This is the nation that brought us Ikaruga. I love Ikaruga (post imminent on this gem), but I’ve put in something like 92 hours, and I’ve beaten the game three times. I know that I shouldn’t complain (and I ain’t complaining that much, as I clearly loved the game enough to spend 92 hours on it) and that for many people, getting past the first stage of the game is an accomplishment in and of itself, but let’s look at it another way: I have logged similar time in only a few video games. Dawn of War the first and second, Star Craft II, the Morrowind iteration of Elder Scrolls, Final Fantasy XIII, and Diablo 2 (hundreds of hours on that one). Note: I’m not including MMORPGs in this list as they are less a game than a gaming marathon, so comparisons of time spent thereon wouldn’t be all too enlightening or useful.
Catherine reminded me that I am not particularly good at games. I think I have a kindred spirit here in Jerry Holkins/Tycho Brahe at Penny-Arcade. I love games, but I lack the time and energy to devote to mastering most games as I once could have done. Part of me, the fully adult and self-aware part, would concede that even if I could spend unlimited time on a game, I still wouldn’t. The deep, driving need to drain every last bit from any given game is more or less absent. This is isn’t a matter of being jaded, but of my shifting taste in games. I don’t want to inhabit a game, and drape its skin over mine; I want to play it enough to understand it, to get what seem to be the best elements, and move on.
There was a time when mastering a game really only took the ability to fully grasp the basic mechanics at work, to get your thumbs or mouse finger to play along, and to come up with a bit of perspicacity. Other games, especially more modern games, require a level of work and learning.
To give a recent example, competence at the multiplayer portion of Dawn of War II requires a fair bit of learning. You learn the maps (good cover positions, bad ones, good places to push, bad corridors for the same, etc); you learn the capabilities of the other race’s armies contra your own (which is a different proposition than learning your army’s tactics of choice against another). There is very little actual reading up a new player can do outside of the realm of the very basic “how does this unit work” sort of question and answer sessions, which is something an experimentally-minded player might learn from a couple of custom games against a computer proxy. None of this is really work in the game world sense. You aren’t really grinding anything or earning anything. Nothing of merit is being leveled up.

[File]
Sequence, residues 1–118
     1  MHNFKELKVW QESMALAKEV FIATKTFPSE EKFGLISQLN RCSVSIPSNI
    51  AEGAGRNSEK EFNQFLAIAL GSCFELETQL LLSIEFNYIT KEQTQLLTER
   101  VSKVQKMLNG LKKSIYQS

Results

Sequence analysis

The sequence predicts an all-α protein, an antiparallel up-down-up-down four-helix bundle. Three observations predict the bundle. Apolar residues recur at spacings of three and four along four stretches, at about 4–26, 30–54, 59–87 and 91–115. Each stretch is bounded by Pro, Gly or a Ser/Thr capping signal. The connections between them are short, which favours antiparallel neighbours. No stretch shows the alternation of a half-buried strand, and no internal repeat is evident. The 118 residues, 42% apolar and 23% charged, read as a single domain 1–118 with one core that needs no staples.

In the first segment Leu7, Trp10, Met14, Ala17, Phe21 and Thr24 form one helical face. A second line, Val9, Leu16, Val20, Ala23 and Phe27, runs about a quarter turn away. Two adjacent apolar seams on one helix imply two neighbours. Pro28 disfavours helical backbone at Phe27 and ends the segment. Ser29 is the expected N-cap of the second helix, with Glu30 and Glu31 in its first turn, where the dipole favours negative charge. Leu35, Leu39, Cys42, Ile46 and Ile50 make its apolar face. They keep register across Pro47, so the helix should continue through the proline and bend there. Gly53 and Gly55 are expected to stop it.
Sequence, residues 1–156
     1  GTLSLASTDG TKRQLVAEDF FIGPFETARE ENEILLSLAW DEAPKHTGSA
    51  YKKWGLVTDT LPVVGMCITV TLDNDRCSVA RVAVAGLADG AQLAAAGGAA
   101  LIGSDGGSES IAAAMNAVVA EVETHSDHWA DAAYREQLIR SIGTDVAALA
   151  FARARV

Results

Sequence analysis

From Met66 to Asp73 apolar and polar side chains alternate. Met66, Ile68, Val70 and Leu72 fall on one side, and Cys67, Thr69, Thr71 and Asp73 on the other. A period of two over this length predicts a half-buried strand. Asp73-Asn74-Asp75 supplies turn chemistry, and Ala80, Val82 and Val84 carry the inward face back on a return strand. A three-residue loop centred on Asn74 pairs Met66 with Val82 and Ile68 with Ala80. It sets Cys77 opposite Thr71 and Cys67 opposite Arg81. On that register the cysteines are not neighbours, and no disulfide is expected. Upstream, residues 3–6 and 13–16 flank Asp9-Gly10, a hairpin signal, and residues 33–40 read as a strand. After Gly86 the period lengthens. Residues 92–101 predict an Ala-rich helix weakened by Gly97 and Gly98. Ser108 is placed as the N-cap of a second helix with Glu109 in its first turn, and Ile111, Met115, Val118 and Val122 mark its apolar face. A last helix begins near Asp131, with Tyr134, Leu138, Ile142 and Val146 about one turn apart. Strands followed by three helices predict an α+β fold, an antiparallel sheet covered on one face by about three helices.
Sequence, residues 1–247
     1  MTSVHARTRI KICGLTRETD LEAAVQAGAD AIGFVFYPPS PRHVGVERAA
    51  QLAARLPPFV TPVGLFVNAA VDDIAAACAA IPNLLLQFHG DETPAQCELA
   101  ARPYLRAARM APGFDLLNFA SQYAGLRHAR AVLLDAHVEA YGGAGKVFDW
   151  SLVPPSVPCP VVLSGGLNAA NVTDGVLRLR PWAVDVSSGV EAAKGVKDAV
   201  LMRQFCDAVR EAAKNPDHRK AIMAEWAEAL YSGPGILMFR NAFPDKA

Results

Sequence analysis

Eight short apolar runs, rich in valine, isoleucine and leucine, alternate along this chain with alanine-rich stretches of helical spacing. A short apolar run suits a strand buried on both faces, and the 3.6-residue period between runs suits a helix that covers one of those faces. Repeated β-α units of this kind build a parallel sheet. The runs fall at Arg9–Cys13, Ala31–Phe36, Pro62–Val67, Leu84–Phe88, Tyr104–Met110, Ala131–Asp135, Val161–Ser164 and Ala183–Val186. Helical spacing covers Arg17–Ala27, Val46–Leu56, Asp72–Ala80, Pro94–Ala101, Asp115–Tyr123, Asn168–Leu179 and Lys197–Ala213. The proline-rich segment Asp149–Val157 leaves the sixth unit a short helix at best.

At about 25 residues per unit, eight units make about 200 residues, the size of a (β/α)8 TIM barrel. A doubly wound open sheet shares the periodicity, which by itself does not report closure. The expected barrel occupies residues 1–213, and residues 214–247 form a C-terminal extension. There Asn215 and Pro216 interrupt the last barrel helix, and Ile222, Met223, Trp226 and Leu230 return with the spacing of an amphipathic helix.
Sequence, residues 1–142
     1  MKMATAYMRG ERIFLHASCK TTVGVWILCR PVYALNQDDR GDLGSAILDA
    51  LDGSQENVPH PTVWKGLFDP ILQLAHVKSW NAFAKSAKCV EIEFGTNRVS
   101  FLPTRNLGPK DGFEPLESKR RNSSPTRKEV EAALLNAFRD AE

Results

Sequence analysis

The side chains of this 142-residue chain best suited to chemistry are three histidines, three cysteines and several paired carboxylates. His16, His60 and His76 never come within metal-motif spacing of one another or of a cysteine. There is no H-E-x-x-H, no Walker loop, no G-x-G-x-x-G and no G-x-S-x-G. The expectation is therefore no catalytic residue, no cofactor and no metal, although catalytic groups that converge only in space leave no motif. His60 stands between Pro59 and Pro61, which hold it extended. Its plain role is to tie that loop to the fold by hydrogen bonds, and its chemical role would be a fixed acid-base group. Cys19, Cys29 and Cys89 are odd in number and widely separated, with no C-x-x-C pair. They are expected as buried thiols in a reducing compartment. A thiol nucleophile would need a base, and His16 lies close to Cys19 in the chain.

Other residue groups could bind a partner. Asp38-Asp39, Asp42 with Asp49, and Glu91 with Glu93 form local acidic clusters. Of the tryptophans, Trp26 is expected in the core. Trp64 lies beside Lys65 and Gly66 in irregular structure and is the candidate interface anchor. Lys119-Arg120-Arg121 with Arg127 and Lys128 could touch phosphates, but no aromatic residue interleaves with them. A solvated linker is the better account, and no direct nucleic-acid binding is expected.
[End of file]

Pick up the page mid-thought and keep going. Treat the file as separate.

World of Warcraft necessitates that you work. You grind to endgame (a grind greatly ameliorated these days) and then grind for gear so that you can be on the cutting edge of raiding, which is yet another grind. Each of these grinds does require the player be capable of keeping progressively more balls in the air and in this way WoW and other MMORPGs have taken what was a very small niche that DoTA carved from the edifice that circumscribes acceptable sorts of gameplay – wherein the best player is the one able to maintain a high level of awareness and corresponding responsiveness throughout short bursts of high-stress play sessions – and greatly widened it. Outside of the area of RPGs, an obvious corollary would be team-based FPS multiplayer games.
I’ve played Catherine and it’s a fantastic game. Atlus does an amazing job of making games that work as a game, a metagame, and as a sort of experiment at the basic level of mechanics. This new game is yet another example of their mastery of these particular demesnes. If and when the demo becomes available again, I heartily recommend you download it and play it. The little bit I did get to play has got me slavering for more, even if I will never be able to beat it, difficulty patches from Atlus or otherwise. It’s a bit of a departure for Atlus, though, whose games, with the exception of the wonderful, grueling Prinny games (I’ve not really had a chance to sink my teeth into the second one, I admit, but I’m told it’s “worth playing”), are all about the grind-ier side of game play. Rarely are reflexes important in an Atlus game, and the emphasis tends to be on unforgiving, turn-based strategically-oriented combat, dark storylines and a number of complex, interesting metagames. In Catherine, however, we seem to jump from storyline to a strange combination of Tetris and Jenga. I’ve seen the connection made to an old Playstation game, Intelligent Qube, but I think that that’s a tenuous one. Or at least, if there is a connection, intended or otherwise, I don’t think anyone can accuse the one game of cribbing directly from the other:
If there is a metagame at all here, I don’t really see it. Even the first Prinny game had the time of day element involved. This seems to be purely about the puzzle game and the storyline. Which is fine, but this game is so dramatically removed from what we’re used to from the Atlus Persona team that I’m worried that difficulty patches aside the game is just too strange to find much of an audience here in the U.S. (or in the rest of the west). Which is a shame, as the game is pretty fantastic.